University of Bristol

The Cambrian environment

The latest Precambrian was a time of many changes. 800 million years ago a supercontinent dominated the earth, by the start of the Cambrian this was breaking up into smaller land masses, increasing the area of continental shelf environment and producing shallow seas.

Reconstruction of Early Cambrian continental positions.
From The Fossils of the Burgess Shale. Briggs D.E.G., et al, 1994.
Cambrian world

Photosynthesizers had reduced the amount of carbon dioxide in the atmosphere, causing the planet to cool down. Worldwide glaciations of Late Riphean and Early Vendian age occured between 800-600 million years ago, ending with the harshest ice-age in Earth's history. Oxygen levels were increasing for the same reason. After the glacial period, temperatures rose until by the time of the Cambrian itself the climate was warmer than it is today.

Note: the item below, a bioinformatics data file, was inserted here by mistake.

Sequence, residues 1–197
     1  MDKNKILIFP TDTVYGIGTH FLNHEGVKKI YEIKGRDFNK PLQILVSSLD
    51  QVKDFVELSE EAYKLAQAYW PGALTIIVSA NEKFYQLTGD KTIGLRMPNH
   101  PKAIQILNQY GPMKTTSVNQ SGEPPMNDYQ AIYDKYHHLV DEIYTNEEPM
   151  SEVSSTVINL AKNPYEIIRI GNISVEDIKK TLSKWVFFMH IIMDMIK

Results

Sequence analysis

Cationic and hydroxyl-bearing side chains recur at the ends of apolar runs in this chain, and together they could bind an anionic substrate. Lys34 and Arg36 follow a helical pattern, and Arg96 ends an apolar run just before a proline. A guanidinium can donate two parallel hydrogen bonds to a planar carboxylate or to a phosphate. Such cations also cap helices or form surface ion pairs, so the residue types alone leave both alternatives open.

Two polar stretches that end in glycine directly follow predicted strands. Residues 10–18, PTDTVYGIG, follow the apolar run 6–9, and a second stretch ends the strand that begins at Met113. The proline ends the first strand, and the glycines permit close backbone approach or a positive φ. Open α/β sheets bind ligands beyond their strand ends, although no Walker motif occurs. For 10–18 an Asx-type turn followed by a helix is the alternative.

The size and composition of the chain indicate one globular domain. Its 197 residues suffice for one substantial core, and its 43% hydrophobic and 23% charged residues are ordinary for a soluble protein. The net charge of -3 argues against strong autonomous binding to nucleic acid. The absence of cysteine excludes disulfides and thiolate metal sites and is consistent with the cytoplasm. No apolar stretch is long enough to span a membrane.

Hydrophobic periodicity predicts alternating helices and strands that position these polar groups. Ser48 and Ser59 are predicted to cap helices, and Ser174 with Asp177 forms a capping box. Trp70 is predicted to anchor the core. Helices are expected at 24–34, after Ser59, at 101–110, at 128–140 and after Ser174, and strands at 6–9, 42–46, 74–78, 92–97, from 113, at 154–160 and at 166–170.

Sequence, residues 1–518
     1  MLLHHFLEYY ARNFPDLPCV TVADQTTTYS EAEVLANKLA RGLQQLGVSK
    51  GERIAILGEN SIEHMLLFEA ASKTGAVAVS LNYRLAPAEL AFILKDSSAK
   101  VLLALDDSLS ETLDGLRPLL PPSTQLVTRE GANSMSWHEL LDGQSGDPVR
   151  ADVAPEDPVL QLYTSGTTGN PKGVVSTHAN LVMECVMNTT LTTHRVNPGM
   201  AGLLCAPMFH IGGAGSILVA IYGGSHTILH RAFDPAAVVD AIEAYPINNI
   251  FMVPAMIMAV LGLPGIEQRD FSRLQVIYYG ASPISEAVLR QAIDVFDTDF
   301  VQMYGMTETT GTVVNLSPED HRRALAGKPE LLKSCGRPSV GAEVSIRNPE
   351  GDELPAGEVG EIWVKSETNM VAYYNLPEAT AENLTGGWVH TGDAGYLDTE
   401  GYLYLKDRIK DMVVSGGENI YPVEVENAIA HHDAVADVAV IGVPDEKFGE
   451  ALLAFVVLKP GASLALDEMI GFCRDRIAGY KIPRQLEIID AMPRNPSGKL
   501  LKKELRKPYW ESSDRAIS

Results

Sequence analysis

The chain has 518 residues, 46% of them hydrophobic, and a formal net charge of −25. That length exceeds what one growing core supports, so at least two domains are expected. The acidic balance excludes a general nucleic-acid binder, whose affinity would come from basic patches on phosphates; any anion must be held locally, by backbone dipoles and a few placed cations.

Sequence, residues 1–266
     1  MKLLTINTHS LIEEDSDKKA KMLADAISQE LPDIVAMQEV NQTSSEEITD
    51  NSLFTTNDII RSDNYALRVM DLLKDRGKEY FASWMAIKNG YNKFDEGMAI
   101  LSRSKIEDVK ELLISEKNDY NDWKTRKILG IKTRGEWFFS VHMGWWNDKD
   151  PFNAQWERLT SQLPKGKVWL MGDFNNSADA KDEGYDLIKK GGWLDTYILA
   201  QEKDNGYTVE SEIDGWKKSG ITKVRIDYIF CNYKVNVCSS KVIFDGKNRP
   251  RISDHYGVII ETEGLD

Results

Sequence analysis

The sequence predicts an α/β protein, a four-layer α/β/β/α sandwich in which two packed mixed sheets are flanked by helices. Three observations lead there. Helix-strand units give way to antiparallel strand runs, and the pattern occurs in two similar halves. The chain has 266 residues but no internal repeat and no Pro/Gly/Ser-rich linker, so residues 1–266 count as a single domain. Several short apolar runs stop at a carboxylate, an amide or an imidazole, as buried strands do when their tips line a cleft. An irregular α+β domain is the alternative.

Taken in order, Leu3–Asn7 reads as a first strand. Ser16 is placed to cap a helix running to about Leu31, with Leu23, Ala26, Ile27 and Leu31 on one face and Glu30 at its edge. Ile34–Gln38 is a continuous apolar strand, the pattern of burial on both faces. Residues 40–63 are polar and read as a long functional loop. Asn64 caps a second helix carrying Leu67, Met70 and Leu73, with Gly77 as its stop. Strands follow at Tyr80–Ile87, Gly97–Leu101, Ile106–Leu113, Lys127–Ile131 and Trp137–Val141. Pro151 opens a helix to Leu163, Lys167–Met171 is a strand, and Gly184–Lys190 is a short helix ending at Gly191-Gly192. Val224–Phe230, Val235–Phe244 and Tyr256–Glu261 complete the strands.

These environmental changes over the Cambrian/Precambrian boundary potentially are the driving forces behind the Cambrian explosion event, many theories have been put forward trying to link the two together (see Extrinsic causes)

On to: First appearances

timing triggers fossils controversies

This report was written by Abby Lane and was last updated on 20th January 1999